The decision whether to grant a trial continuance is normally within the trial court's discretion. Shirley v. North Carolina, 528 F.2d 819, 822 (4th Cir. 1975). Abuse of discretion arises when the denial is so fundamentally unfair as to violate due process. Id. A review of the record submitted on this appeal indicates that the district judge did not abuse his discretion in denying a continuance.

Bartrug also claims that the district judge should have recused himself because he was biased against Bartrug. If the alleged bias is judicial in nature, such as rulings against the movant's interests, recusal is not warranted. The judge's familiarity with a party through involvement in other proceedings does not show extrajudicial bias. In re Beard, 811 F.2d 818, 827 (4th Cir. 1987). The test for recusal under the federal statute, 28 U.S.C. § 455(a) (1988), is whether a reasonable person might question the judge's impartiality under all the circumstances. See United States v. Sibla, 624 F.2d 864, 867 (9th Cir. 1980); United States v. Gigax, 605 F.2d 507, 511 (10th Cir. 1979). Denial of a recusal motion is reviewed for abuse of discretion. United States v. Mitchell, 886 F.2d 667 (4th Cir. 1989).

Here, the judge expressed some irritation with Bartrug's tactics at arraignment and at the pretrial hearing and compared those tactics to the "obstructing tactics" of certain named tax protest organizations which he labelled "cults." (J.A. at 23, 35). The judge's remarks reflect no more than the judge's supervision of court procedures and not any personal bias against Bartrug. Judge Williams said as much when he denied Bartrug's recusal motion. We find no abuse of discretion.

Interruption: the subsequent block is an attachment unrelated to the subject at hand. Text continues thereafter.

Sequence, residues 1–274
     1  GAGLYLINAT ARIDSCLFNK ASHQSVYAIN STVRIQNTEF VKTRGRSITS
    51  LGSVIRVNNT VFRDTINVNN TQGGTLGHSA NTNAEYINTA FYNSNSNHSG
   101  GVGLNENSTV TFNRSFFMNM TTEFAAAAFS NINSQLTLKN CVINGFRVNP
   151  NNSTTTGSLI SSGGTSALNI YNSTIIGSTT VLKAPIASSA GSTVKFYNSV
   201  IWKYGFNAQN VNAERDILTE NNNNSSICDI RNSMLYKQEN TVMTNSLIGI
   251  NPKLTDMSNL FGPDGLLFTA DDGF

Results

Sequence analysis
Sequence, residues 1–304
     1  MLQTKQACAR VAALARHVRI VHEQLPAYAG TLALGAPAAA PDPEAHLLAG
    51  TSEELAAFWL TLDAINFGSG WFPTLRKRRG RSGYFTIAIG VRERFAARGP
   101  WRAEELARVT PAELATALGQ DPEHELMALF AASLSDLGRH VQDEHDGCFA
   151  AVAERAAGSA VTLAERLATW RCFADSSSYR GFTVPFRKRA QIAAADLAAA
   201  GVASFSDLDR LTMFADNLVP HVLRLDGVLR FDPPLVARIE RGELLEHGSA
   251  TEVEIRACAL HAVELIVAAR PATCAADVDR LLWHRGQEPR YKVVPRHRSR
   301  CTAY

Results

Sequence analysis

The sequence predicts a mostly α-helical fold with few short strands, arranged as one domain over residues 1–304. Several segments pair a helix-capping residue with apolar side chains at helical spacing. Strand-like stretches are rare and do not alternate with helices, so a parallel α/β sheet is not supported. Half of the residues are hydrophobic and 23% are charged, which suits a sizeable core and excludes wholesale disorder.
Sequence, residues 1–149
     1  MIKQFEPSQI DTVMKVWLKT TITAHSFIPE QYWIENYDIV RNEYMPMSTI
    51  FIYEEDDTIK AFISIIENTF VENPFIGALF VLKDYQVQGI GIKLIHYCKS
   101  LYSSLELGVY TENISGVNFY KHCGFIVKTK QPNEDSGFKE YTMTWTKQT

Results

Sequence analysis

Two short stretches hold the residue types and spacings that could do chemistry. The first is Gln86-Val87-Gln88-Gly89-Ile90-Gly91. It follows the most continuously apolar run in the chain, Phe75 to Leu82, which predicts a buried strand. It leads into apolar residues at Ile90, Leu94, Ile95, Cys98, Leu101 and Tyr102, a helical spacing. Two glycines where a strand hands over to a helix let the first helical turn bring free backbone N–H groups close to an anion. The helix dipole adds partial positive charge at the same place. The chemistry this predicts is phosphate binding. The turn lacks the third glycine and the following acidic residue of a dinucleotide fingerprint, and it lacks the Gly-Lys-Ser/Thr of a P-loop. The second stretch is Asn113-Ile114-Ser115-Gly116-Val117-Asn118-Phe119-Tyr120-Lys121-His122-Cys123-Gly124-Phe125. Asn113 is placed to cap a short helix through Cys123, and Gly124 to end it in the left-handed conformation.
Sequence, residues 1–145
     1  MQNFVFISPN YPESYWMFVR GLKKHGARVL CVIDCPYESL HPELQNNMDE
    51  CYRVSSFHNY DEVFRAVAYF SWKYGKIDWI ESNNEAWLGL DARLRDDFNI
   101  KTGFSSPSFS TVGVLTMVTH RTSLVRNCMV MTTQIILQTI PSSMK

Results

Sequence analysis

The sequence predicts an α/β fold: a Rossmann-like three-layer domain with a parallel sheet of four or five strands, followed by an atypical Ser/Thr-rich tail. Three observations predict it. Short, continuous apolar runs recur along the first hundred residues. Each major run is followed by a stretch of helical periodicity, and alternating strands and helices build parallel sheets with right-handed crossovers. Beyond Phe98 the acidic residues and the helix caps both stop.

Bartrug also argues Judge Williams showed bias during the trial when he interrupted Bartrug's cross-examination of a government witness and answered the question himself. The record reveals that the judge allowed the questioning to proceed over the government's objection and that the judge intervened only after Bartrug had asked the court to direct the witness to answer. The question called for a legal answer. If there was any harm in having the jury see and hear the judge interrupt Bartrug's cross-examination, that error was harmless because the judge was responding to Bartrug's call for intervention and the legal answer was similar to the judge's later jury instructions.

We have considered Bartrug's two other contentions relating to the indictment and "revenue taxable activity" and find them frivolous.

We affirm Bartrug's convictions and the district court's judgment. We dispense with oral argument because the facts and legal contentions are adequately presented in the materials before the Court and argument would not aid the decisional process.